Monday, March 4, 2013

The First Reform Is To End The Corruption And The Hypocrisy

Maybe if Lucifer had thrown in a helicopter and a vacation castle Jesus would have given in.


I might be experiencing information overload when it comes to the Vatican and the upcoming Conclave.  I'm finding it difficult to even put coherent thoughts together on what I truly would like to see from the next Pope.  I think part of my problem has to do with what I am currently seeing from the Cardinals, most of which I absolutely do not want to see carried forward.

First off is the prominent place of Angelo Sodano as Dean of the College of Cardinals.  It is incomprehensible to me that this man is anywhere near this conclave.  I still have no idea why Pope Benedict didn't retire him the exact same way he 'retired' Sodano's pet project Marcial Maciel.  In the last 10 years Sodano has brought more controversy to the Vatican than he has competence and so in typical Vatican fashion he is given a prominent place in the selection of the next Pope.  Italian papers are floating the story that he and his old time Secretary of State cronies are proposing Cardinal Shero of Brazil for the papacy with Cardinal Sandri who is technically from Argentina but really from the Vatican City States or the Italian Cardinal Piacenza as Secretary of State.  This would be a combination of Ratzinger II and Sodano II, but it would give the South the papacy.  And yet as far as Sodano and company are concerned the real power is in the Vatican State Department, and that would be kept safely in the hands of the old guard.  Sodano is not a dummy.  He doesn't care about the papacy, he cares about the power inherent in the Office of the Secretary of State.  That's where the big boys play and Sodano got to play very big games under JPII.  As JPII's health incapacitated him, Sodano got to play big games with very little supervision, and that included  no supervision for the Vatican Bank.  On this score, I pray the other Cardinals have had enough of Sodano and his ego and his games.

Another thing I do not want to see is anymore preference for 'the new movements' like Opus Dei, Communion and Liberation, Focolare, or the Neo Catechumenate.  Elitist Catholicism is an oxymoron and a very real danger to the Church.  That was another lesson Cardinals should have taken from the Legion of Christ mess, but the lesson they have taken seems to be the more money and priests a movement generates the more Catholic it is.  They may be more Catholic, but they are not more Christlike---which I thought was supposed to be the end goal of the Catholic spiritual quest.  Perhaps I misunderstood something along the way.  OD is right where it wants to be with AB Ganswein the slated doorkeeper for the new pope.  That has got to change.  Global Catholicism does not need Opus Dei, more of a parallel church than anything, becoming the source of power in the main Church.  I'm sure lots of other organizations that trade in secrecy and fascism would prefer the OD influence stay right where it is, but I do not.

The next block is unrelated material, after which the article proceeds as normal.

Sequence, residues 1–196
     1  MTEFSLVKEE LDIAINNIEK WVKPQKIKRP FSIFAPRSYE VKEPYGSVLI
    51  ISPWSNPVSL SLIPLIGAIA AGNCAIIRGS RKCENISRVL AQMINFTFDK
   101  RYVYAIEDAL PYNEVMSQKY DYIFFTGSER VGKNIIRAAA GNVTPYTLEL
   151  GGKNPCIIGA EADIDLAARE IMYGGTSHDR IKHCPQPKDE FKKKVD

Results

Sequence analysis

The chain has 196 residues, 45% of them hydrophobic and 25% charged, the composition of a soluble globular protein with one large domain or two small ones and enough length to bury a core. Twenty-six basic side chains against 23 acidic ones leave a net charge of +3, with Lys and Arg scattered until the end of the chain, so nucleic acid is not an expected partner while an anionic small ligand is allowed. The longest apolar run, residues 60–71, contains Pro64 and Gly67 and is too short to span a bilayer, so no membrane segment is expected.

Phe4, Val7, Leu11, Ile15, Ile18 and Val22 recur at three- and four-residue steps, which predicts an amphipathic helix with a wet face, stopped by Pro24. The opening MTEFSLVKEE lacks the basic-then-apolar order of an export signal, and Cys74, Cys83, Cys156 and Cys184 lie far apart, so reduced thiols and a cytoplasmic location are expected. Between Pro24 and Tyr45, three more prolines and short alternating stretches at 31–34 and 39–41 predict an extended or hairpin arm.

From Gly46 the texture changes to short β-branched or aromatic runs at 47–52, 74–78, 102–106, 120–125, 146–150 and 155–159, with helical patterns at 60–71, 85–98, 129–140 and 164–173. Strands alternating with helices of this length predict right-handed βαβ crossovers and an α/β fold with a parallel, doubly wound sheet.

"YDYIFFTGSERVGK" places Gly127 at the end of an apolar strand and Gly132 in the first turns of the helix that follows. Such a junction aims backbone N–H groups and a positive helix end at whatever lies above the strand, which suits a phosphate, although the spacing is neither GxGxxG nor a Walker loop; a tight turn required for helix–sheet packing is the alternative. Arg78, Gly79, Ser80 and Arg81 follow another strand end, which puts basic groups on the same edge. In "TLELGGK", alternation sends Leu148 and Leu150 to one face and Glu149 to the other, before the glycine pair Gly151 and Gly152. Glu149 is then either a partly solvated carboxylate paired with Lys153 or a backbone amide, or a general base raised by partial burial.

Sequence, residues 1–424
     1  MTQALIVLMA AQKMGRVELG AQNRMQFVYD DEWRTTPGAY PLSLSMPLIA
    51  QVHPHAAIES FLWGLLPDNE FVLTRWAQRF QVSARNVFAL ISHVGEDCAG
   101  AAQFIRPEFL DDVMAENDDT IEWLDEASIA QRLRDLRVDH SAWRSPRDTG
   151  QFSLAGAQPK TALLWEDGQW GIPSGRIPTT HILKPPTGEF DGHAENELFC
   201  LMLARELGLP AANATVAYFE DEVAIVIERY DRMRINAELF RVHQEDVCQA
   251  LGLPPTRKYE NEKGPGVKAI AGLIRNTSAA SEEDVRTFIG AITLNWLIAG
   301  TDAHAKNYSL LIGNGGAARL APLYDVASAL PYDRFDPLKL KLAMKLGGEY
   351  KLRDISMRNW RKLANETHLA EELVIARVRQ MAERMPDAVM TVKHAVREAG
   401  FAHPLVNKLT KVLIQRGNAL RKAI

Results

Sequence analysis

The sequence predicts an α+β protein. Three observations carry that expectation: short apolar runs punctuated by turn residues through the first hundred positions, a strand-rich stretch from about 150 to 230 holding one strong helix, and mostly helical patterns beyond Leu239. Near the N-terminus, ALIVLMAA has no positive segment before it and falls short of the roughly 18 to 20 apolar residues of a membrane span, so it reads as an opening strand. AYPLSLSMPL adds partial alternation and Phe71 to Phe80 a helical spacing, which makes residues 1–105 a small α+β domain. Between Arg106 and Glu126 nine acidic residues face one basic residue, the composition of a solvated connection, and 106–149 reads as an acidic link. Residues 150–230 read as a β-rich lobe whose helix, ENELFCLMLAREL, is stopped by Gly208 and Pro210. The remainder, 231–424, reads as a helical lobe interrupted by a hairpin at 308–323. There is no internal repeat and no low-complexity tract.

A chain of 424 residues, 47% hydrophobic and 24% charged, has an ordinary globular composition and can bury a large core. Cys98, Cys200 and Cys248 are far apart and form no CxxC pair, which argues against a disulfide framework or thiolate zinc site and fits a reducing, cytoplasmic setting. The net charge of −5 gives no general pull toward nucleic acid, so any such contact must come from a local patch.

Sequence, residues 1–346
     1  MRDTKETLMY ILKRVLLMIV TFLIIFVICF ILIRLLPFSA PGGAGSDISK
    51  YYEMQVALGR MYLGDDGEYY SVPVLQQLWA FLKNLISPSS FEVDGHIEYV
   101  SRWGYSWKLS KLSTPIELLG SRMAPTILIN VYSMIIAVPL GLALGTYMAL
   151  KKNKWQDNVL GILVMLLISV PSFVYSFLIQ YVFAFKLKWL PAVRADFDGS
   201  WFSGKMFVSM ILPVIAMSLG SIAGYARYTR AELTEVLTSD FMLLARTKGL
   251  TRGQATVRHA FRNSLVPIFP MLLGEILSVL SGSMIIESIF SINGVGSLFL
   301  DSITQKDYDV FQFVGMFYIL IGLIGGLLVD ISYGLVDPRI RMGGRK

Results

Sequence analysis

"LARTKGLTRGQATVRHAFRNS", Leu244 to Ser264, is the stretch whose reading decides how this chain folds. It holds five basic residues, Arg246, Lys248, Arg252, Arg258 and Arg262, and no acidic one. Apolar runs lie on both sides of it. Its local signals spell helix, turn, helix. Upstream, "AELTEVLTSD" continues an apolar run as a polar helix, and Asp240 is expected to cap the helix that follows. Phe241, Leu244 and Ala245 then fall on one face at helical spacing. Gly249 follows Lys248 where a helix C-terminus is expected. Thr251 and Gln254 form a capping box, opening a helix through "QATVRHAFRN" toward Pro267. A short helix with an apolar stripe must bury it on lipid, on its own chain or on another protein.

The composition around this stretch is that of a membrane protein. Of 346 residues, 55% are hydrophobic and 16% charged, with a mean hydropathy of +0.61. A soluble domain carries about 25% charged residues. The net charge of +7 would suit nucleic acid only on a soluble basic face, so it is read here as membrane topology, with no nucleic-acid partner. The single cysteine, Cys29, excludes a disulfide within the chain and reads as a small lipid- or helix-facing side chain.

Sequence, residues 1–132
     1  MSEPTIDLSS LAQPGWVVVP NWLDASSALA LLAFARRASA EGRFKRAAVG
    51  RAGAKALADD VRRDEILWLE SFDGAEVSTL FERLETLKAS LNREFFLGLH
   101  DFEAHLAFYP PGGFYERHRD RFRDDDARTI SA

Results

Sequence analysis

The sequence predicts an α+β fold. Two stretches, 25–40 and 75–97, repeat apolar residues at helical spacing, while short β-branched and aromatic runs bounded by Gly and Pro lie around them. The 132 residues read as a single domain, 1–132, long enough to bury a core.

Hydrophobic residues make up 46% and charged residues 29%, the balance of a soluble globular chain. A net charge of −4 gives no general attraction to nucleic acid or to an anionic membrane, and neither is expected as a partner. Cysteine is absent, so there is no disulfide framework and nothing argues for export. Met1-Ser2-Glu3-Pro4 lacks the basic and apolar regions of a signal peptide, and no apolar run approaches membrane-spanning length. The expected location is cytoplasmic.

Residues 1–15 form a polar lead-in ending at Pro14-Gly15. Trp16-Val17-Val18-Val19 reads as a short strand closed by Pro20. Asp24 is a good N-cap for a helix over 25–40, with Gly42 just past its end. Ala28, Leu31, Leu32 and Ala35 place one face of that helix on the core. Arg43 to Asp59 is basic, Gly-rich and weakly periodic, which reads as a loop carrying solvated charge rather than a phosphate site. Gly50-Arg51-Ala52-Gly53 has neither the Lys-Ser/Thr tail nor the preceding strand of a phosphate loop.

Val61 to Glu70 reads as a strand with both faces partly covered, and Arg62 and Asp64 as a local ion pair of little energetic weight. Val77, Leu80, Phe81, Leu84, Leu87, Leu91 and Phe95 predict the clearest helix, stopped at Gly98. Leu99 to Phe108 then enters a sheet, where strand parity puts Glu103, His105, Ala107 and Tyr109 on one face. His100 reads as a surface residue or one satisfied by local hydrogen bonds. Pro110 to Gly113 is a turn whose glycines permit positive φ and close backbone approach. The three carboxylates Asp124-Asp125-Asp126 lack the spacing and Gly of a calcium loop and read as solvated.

I do not want to see Catholic teaching used a bartering chip for political preference, right, left or center. Just as I do not want to see collegiality reduced to a loyalty oath, or Catholic spirituality used to marginalize whole groups of people. I do not want to see the CDF turn itself into Big Brother so Catholicism becomes nothing more than corporate group think with an imprimatur.  I do not want to see Catholic Identity promoted like Catholicism is nothing more than a commodity like Coca Cola or the New York Yankees.  Finally, I do not want to see regimented Catholic ritual substituted for the hard work of bringing the Kingdom to Earth.  I do not want to see anymore clerical abuse scandals and that will continue to happen if the clerical culture isn't completely reworked and that absolutely means Catholic sexual morality must be reconfigured on the basis of 'right relationship' and not biological procreation.

I have only one thing I do want the Cardinal electors to reflect on.  That would be the temptations in the desert.  I want them to think very deeply about this story and then ask themselves if they truly reflect the world view Jesus was trying to teach because it's very hard for me to see this world view when Emeritus Pope Benedict takes a helicopter on a 10 mile flight to the papal vacation castle. Like a lot of other things about Catholicism juxtaposed against the actual teachings of Jesus,  it just doesn't compute.

34 comments:

  1. Thanks Colleen for your analysis and overview of the situation in the Church today.


    The helicopter ride included a ride over the Roman Coliseum in which many Christians were thrown to the lions. Has EPBXVI thrown the Christians in the Catholic Church again to the lions of Opus Dei? The lions to me represent the one's you've mentioned here. If the Church's Cardinals go anymore in that direction, the only explanation would be their bargain with the devil.


    I do wish that the Cardinals would read Job, the Psalms, the Gospels, instead of acting like CEO's to a business that wants to run and ruin Christ's message with the exact reverse message that is truly abominable before the Lord and a delight to the devilish. I wish they would get serious about real Faith and give power and glory to God.

    ReplyDelete
  2. And glad to see you still have a sense of humor with the picture caption at the top of the page! LOL!

    ReplyDelete
  3. Colleen, I think that stuff about Abp. Ganswein being the door keeper for the new guy is an exercise in blowing smoke. Unless---and it can’t be ruled out---they’re all truly mad and are moving into a psychotic, boundary-less state. With you, I want the Cardinals to do some honest reflection. Whoever they elect, I think there’s more trouble ahead before things start to settle; these guys haven’t been honest in years---they have a long way to go.